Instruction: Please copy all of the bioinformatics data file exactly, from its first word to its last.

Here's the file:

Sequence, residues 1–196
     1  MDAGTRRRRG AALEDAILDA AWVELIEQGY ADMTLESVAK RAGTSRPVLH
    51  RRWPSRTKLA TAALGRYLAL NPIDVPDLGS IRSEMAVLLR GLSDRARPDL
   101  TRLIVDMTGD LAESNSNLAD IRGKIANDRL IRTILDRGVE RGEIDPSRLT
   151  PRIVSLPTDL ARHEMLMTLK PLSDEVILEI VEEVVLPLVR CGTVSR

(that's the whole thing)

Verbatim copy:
Sequence, residues 1–196
     1  MDAGTRRRRG AALEDAILDA AWVELIEQGY ADMTLESVAK RAGTSRPVLH
    51  RRWPSRTKLA TAALGRYLAL NPIDVPDLGS IRSEMAVLLR GLSDRARPDL
   101  TRLIVDMTGD LAESNSNLAD IRGKIANDRL IRTILDRGVE RGEIDPSRLT
   151  PRIVSLPTDL ARHEMLMTLK PLSDEVILEI VEEVVLPLVR CGTVSR